Grape Mealybug Very similar in appearance to other mealybug variants, with a small, flat oval shape and white, waxy texture. Most notably identified by its reddish-brown excretions. Grape mealybugs are often found on grapevines and in climates where grapes grow. They were first found in California in the United States, but can be found anywhere grapevines are able to thrive.

What Causes a Mealybug Infestation?

Mealybugs seemingly appear out of nowhere, but oftentimes, they’re brought into your home by way of another plant from the nursery or plant store, according to Leaf and Clay. Mealybugs are highly attracted to moisture, so they often gravitate to over-watered plants.

Mealybugs are attracted to plants with high nitrogen levels and soft growth; they may appear if you overwater and over-fertilize your plants.

Both indoor and outdoor plants attract mealybugs. The pests will attack a wide range of vegetation, including fruit trees, gardenias, African violets, and more. Mealybugs hide beneath leaves and flower petals, making their tiny bodies even harder to spot.

How Do You Know if You Have a Mealybug Allergy?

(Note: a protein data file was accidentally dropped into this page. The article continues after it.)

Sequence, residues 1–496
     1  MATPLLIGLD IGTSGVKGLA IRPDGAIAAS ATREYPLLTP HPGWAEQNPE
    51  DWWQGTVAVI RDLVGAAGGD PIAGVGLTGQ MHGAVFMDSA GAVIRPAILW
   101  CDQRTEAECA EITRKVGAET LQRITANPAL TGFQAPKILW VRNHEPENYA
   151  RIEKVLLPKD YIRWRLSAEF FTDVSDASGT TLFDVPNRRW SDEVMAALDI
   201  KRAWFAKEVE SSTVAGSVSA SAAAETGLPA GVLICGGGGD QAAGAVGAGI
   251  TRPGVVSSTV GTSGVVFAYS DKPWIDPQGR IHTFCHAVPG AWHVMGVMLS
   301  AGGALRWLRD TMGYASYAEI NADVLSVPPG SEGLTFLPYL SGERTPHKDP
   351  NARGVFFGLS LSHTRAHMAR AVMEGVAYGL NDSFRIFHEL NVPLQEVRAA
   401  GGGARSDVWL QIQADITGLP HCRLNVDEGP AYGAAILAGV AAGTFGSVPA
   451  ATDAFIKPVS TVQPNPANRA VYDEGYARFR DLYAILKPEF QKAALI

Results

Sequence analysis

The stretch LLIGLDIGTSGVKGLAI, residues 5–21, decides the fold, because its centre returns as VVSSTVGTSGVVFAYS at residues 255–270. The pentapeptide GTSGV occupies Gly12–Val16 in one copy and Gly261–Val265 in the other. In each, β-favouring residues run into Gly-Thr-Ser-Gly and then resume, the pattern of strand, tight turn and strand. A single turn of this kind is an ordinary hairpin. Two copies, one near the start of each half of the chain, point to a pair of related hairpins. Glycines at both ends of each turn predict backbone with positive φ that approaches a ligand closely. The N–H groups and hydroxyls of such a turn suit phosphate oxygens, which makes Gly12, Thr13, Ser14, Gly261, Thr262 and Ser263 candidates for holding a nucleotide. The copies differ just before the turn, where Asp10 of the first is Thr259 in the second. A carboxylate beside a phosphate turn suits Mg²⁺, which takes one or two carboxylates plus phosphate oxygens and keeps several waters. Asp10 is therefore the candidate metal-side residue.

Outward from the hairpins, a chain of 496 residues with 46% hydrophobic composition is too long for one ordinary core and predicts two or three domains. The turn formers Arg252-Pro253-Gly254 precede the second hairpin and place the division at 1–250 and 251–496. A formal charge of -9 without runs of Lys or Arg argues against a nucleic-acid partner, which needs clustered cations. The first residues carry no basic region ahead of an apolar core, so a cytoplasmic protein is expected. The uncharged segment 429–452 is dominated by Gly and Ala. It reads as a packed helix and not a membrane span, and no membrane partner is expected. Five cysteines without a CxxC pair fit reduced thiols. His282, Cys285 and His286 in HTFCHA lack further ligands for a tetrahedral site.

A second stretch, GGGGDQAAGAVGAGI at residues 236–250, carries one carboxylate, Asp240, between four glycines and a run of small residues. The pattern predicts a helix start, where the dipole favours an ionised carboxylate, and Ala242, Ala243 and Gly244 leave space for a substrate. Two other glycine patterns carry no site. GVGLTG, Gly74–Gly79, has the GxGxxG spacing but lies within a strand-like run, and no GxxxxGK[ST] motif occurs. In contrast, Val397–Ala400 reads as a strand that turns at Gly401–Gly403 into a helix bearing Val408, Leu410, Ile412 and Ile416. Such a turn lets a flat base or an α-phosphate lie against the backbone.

Mealybugs are common pests found on indoor and outdoor plants. They suck sap from the plant, causing it to wilt and die. Mealybugs produce a sweet honeydew secretion that often coats the leaves and stems of infested plants. Honeydew is a sticky, sweet liquid that attracts ants and wasps.

In some cases, humans can be allergic to the honeydew it produces and notice side effects when coming into contact with infested plants. Some signs of a mealybug allergy include:

  • Itchy skin
  • Sinusitis
  • Rashes and redness
  • Asthma

If you think you may have a mealybug allergy, you should see an allergist for testing. Mealybug allergies are not as common as other types of allergies, but they can be very serious.

How to Treat a Mealybug Infestation

Mealybugs are a common pest that can cause significant damage to many types of plants. Left untreated, mealybugs can kill plants. They are typically found on the underside of leaves and on stems.

  1. Identify the root of the problem and be sure that what you have is a mealybug infestation. Mealybugs are relatively simple to identify
  2. Separate the infested plants from your healthy plants as soon as you notice the presence of mealybugs. You want to prevent the infestation from spreading by isolating the affected plants.
  3. Try using a horticultural oil or soap spray. Spray your plants with a combination of 1 tablespoon dish soap and 1 quart of water, and this should help suffocate the mealybugs quickly and effectively.
  4. You can consider a heavier insecticide, but this isn’t recommended if you live with animals and children, or in a small space without much ventilation.